As Guillaume goes...
Latendresse did his best Tiger Woods impression on the way to notching his 10th goal of the season.
MONTREAL - Once Guillaume Latendresse opened the scoring against Buffalo on Saturday night, Lindy Ruff and the Sabres could have beaten the traffic by calling the game right then and there. A goal from Latendresse has, after all, been the kiss of death for the opposition so far this season.
It won't go down as the most memorable moment of his rookie campaign, but Latendresse's 10th goal of the season, combined with the Canadiens' win over the Sabres, improved Montreal to 8-1 when the 19-year-old freshman scores a goal.
While Latendresse is sure to score plenty more goals over the course of his career, they won't get much easier than the one he potted at the 8:00 mark of the first period. The wacky play began with a seemingly harmless dump in along the boards by linemate Tomas Plekanec that took a wild bounce off the glass before darting straight the slot to a wide open Latendresse. The big winger then fired the puck into an almost empty net past Sabres goalie Martin Biron.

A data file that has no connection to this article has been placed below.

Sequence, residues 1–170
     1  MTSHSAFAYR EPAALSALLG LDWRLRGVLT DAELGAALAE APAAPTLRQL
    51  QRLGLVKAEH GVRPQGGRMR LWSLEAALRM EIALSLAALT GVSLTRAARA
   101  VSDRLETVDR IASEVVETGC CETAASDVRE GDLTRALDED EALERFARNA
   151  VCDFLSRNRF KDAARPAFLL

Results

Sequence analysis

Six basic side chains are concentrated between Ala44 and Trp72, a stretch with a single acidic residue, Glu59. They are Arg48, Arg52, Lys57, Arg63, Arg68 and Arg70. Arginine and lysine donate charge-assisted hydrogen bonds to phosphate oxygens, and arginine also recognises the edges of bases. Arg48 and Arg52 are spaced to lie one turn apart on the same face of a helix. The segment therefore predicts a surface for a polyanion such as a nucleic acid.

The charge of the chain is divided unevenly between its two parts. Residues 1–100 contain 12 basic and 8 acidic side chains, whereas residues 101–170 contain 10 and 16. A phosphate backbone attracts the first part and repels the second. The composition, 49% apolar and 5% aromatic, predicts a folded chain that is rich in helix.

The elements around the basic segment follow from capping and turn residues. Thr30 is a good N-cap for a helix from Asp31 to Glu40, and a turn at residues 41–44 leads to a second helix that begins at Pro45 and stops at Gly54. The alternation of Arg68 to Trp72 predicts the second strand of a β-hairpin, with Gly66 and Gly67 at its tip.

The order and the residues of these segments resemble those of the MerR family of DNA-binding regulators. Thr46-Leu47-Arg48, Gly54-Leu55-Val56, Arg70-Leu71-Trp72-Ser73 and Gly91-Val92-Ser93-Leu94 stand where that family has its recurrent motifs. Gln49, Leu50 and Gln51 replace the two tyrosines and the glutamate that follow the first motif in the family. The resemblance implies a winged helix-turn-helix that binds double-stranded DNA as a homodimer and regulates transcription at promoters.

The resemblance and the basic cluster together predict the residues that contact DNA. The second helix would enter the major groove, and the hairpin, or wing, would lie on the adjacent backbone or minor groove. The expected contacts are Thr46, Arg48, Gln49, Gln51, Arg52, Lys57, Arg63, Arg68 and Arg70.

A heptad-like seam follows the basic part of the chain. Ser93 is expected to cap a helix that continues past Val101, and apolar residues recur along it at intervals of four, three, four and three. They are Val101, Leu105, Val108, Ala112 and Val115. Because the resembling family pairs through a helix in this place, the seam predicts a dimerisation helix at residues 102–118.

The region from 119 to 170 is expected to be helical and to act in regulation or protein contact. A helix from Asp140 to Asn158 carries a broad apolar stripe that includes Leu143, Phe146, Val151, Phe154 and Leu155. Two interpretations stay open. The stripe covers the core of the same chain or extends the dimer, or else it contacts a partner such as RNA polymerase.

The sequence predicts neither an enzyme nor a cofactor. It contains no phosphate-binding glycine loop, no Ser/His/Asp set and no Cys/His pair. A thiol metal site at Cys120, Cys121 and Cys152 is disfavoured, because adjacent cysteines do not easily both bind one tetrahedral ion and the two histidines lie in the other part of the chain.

"When I saw the puck coming towards me I had to break out my golfing talents and pull out my wedge," joked Latendresse, now the sixth Canadiens player to hit double digits this season. "The worst part is Biron almost got back in time to stop it!"
Every goal counts and you won't hear Latendresse complaining about the gift he received from the top team in the Eastern Conference.
"I've been hitting my share of posts this year and let's just say I haven't had much luck on my side so far," said Latendresse, who heads in to the All-Star break with three points in his last two games. "It sure wasn't pretty, but I'll take it."
Now already halfway to 20 goals, Latendresse is the first Canadiens player under the age of 20 to do so since Stephane Richer in 1985-86. The would-be two-time 50-goal man scored 21 goals that year in his first full NHL season joining Mario Tremblay who also scored 21 goals of his own as an 18-year-old Habs rookie in 1974-75.
Manny Almela is a writer for canadiens.com